Tuesday, March 26, 2013

Farewell to Google Reader

Google's announcement that it would be ending Google Reader service on July 1 caused considerable wailing and gnashing of teeth ... and that was just me. A lot of other folks are also inconvenienced, to put it mildly. I have no intention of slamming Google over the decision. They provided the service at no charge to me, and I'm grateful to have had the use of it. Now it's time to move on.

John D. Cook did a couple of blog posts about alternatives (see here and here), and there is no shortage of web pages devoted to the subject. I've spent more time than I care to think shopping for a solution. My requirements, in descending order of importance are as follows.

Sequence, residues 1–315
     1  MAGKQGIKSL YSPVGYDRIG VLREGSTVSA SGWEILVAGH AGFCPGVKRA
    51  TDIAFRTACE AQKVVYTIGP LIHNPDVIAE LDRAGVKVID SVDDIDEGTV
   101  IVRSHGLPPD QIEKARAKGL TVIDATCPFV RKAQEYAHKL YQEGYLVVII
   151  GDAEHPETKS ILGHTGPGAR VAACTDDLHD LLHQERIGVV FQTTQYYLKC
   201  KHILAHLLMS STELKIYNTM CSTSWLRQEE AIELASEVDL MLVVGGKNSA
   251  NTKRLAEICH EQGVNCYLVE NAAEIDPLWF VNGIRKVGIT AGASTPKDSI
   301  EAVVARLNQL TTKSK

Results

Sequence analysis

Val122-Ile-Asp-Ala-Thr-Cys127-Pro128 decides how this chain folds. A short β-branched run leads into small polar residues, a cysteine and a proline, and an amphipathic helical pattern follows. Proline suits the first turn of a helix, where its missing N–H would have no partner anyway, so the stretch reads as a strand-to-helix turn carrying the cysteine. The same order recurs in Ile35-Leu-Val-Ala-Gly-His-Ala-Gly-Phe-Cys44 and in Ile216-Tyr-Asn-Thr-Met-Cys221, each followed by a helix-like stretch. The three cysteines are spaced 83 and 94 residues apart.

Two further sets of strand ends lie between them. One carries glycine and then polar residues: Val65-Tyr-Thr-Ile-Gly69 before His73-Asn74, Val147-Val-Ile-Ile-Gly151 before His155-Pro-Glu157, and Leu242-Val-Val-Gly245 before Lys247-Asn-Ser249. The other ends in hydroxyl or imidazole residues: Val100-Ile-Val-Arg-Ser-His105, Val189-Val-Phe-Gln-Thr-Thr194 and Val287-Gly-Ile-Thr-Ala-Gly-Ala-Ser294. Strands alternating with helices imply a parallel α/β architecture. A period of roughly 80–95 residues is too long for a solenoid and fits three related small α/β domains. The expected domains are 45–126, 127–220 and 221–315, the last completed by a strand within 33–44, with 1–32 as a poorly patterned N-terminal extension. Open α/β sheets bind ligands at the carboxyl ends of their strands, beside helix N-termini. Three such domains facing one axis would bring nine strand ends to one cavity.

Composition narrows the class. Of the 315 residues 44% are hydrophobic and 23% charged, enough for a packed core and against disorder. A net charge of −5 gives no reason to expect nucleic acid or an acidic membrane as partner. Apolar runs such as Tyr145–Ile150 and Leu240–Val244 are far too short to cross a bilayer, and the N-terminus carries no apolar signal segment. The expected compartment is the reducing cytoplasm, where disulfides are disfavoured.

1. The reader must be accessible from both a web browser (on Linux, although that's unlikely to be an issue) or Linux desktop client (browser preferred) and an Android client (or browser application, but native client preferred).
  2. The reader must synchronize between my Android tablet and my Linux PC.
  3. I must be able to import my Google Reader subscriptions (preferably including the folders into which they are organized).
  4. The reader should have straight-forward navigation, including the ability to flag articles as read. (I'm not worried about liking, +1-ing or other social features.)
  5. There should be easy (one click) linking from the reader summary of an article to the source (original web page) in a browser.
  6. I would rather not have a magazine-style interface. For me, it's just unnecessary clutter, and somewhat inappropriate. Some of my subscriptions are blogs, but I also use RSS to subscribe to forums and Twitter feeds, which just look dopey in a magazine layout.